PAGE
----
The article was written by Barbara Shecter | Financial Post
In a rare departure from global standard-setting cooperation, Canada’s top financial services regulator said Thursday it won’t adopt a common capital standard proposed for large internationally active insurance groups.
“OSFI’s view is that that the standard in its current form is not fit for purpose for the Canadian market,” the regulator said in a brief statement.
“Specifically, the proposed capital requirements for long-term products are too high to be compatible with OSFI’s mandate of allowing Canadian insurers to compete and take reasonable risks.”
The statement said that while OSFI is “broadly supportive” of the goals of the global Insurance Capital Standard, Canadian insurers will continue to be subject to the requirements of OSFI’s own capital framework for federally regulated insurance companies.
“It’s a disagreement, which is unusual for OSFI,” said Jason Mercer, an analyst at Moody’s Investors Service.
The design for the new global standard was proposed during a meeting at the annual conference of the International Association of Insurance Supervisors (IAIS), which is taking place in Abu Dhabi.
The IAIS first announced plans to develop risk-based capital requirements for systemically important insurers in 2014, with a target date of 2020 set for the establishment of the new international standard.
It was similar to a process undertaken in the aftermath of the 2008 financial crisis to ensure large banks had sufficient capital buffers to withstand another crisis and contain contagion that could put the whole system at risk.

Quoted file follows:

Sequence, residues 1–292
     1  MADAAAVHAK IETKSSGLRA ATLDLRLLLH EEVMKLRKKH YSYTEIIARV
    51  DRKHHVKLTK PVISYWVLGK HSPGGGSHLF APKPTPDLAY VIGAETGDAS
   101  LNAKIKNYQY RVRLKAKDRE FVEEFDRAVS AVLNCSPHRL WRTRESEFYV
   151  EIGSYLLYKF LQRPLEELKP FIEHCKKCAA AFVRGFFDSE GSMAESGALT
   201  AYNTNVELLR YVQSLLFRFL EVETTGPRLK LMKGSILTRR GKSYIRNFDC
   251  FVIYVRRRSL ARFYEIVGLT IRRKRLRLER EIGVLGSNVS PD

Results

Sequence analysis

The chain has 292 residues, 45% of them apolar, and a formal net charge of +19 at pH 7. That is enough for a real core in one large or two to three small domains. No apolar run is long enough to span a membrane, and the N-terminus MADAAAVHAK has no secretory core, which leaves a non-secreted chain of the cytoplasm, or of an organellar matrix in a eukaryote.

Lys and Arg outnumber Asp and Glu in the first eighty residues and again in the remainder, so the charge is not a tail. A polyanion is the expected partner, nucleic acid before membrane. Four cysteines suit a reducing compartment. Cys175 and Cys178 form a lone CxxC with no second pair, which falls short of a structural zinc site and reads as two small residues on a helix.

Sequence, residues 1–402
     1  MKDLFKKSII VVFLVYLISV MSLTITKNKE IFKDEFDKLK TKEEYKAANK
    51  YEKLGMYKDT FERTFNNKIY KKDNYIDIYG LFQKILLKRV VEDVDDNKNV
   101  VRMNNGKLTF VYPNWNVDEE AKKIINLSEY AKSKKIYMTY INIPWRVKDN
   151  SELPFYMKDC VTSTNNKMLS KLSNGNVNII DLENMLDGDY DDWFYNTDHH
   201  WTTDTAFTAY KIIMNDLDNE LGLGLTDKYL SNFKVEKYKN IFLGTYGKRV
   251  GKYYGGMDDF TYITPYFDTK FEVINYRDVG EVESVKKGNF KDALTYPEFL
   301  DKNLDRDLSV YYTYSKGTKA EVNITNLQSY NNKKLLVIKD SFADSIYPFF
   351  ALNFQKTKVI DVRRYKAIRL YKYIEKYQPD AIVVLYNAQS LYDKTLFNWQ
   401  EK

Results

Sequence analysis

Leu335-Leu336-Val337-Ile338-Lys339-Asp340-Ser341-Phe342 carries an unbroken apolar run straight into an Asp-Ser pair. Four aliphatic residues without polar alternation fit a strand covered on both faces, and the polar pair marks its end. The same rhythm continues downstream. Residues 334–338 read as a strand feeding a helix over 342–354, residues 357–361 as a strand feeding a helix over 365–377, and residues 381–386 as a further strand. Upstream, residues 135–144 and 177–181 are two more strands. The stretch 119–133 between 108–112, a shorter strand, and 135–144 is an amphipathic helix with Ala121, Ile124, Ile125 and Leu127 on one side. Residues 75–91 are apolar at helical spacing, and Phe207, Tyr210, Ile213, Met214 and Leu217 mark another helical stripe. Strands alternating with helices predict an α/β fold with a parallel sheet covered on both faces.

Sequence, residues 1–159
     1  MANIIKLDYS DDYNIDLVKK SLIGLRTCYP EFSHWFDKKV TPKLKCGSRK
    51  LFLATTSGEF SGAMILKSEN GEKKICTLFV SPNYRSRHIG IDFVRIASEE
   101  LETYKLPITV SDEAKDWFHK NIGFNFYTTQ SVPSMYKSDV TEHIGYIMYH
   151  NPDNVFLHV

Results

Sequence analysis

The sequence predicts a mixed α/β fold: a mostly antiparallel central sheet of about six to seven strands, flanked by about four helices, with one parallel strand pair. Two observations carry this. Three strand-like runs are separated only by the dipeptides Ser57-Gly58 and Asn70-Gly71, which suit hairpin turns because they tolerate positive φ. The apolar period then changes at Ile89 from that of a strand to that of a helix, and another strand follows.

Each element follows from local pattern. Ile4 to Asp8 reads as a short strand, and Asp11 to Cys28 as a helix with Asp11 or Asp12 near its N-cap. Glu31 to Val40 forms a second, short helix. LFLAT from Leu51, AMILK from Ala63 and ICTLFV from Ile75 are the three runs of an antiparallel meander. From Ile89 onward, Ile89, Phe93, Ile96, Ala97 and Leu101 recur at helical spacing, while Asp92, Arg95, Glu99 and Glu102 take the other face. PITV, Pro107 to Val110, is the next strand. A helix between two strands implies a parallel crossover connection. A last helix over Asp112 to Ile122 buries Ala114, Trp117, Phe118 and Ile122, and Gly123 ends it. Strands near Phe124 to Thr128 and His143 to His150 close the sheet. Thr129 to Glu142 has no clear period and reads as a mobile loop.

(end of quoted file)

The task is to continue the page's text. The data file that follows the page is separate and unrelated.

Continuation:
In a speech in April 2016, OSFI’s deputy superintendent Mark Zelmer said the Canadian prudential regulator was “actively working” on the new insurance capital standard with the IAIS.
“There is no question that we will see the emergence of a new international capital standard for internationally active life and P&C (property and casualty) insurance companies,” he said in the speech delivered at the IBC Financial Affairs Symposium in Toronto.
In Thursday’s statement, OSFI said there will be a five year “monitoring period,” during which it will continue its work to try to achieve an international capital standard for insurance companies “that works for all jurisdictions.”
Earlier in the day, the Financial Stability Board, which promotes the implementation of effective regulatory and supervisory policies for stability in the financial sector, issued a statement welcoming the finalization of the IAIS’s “holistic framework” for the global insurance industry.
Analysts said it is rare for OSFI to depart from global regulatory standards. However, there have been occasions when the Canadian banking and insurance regulator has responded to what it views as differences in the domestic market. For example, OSFI adopted lower leverage ratios for Canadian banks in 2014 than international counterparts in recognition of difference in mortgage finance. Mortgage loans are often subject to government-backed insurance in Canada, which reduces the risks to financial institutions.